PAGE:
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Rail performance falls while prices rise

Rail shippers expect their rates to rise 41/2% over the next six months, nearly twice the rate they forecast in March in the Freight Pulse survey conducted by equity research firm Morgan Stanley ( and Logistics Today. In the intervening months, shippers report the average ranking of rail performance — "delivery when expected" — fell from 5.9 to 5.4 on a 10-point scale, indicating continued erosion in service levels. As recently as January 2003, shippers were reporting average performance at 6.6.

Most respondents to this fall's Freight Pulse survey (see related story, "No rate relief in sight," on p. 1) are merchandise intermodal shippers, explains Morgan Stanley rail analyst Mike Manelli, and thus are more likely to be affected by the tight truckload market. However, strong international demand for U.S. grain and coal will also put pressure on bulk rail rates.

Top performing railroads will gain more of the shippers' freight, according to the survey. Shippers say they plan to tender 8.5% more freight to top-performing Norfolk Southern over the next six months. Kansas City Southern, with the next-best performance, will gain 5.7% and Burlington Northern Santa Fe will add 5.3%.

Conversely, Union Pacific (UP), which turned in the worst on-time performance, will see shippers move 3.4% of their volumes off the railroad. At 3.2 on the 10-point "delivery as expected" scale, UP received the lowest ranking in any of the seven Freight Pulse surveys over the past three and a half years.

Manelli points out that the performance rankings tend to be backward looking rather than forward looking, meaning ongoing efforts to improve service and other factors may not be reflected in the shipper forecasts. CSX, for instance, had begun to show improvements through July and August, before four hurricanes struck much of its network.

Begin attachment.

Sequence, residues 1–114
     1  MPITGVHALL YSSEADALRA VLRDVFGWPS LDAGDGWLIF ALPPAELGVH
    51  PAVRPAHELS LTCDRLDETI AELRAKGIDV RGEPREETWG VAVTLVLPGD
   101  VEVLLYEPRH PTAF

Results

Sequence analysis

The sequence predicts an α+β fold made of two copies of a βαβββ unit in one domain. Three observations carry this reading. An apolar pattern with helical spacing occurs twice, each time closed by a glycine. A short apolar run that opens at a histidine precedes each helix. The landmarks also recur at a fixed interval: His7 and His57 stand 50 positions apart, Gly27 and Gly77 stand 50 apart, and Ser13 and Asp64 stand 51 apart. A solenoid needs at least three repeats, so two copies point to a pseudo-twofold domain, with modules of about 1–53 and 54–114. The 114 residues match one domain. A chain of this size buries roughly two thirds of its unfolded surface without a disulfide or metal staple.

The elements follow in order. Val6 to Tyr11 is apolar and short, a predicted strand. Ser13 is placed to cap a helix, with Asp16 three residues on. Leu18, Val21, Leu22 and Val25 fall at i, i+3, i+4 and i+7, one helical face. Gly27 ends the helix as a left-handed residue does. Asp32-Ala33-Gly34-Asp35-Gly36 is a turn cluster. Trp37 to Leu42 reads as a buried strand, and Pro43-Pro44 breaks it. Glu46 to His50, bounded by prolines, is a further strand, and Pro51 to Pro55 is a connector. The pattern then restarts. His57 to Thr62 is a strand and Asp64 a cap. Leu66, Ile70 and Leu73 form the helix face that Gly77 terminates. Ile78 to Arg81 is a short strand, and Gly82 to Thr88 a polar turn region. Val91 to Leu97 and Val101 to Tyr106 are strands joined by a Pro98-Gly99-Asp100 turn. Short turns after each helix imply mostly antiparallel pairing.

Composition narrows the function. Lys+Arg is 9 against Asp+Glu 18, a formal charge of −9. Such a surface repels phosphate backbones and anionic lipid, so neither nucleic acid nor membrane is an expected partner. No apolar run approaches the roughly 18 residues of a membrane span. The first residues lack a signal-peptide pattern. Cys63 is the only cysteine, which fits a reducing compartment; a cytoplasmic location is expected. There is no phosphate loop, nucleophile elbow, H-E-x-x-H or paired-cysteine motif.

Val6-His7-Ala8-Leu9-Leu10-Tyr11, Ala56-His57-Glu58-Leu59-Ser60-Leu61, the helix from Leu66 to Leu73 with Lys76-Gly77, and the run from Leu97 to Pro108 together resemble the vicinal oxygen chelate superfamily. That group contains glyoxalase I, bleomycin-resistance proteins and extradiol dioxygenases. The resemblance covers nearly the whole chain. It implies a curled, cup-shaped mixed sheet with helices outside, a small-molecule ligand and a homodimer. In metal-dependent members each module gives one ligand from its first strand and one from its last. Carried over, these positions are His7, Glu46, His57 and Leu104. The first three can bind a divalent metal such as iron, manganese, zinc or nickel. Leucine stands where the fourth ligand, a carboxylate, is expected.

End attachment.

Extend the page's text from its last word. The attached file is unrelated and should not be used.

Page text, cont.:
"Historically, railroads that are struggling take longer to recover from external shocks," Manelli notes. On the other hand, UP's performance began to stabilize in early June, albeit at a low level. Manelli believes that UP will have an opportunity to make gains on performance as the seasonal slowdown in rail volumes relieves some of the pressure during November and December.

Ironically, when shippers were asked where they moved the freight they diverted from lowperforming railroads, 55% shifted the freight to truckload carriers. (Tight capacity in the truckload sector is partly responsible for the rise of rail intermodal volumes.)

Asked what they believe to be driving increased intermodal volumes, shippers strongly agree that imports from Asia, rising truckload rates that make intermodal more competitive, and tight capacity in the truckload sector are the chief causes.

Delivery when expected on the rails (shippers' rating)

(1-10, with 10
the highest)

Change since
March 2004
Norfolk Southern



Kansas City Southern
Burlington Northern Santa Fe
Canadian National


Canadian Pacific
Union Pacific
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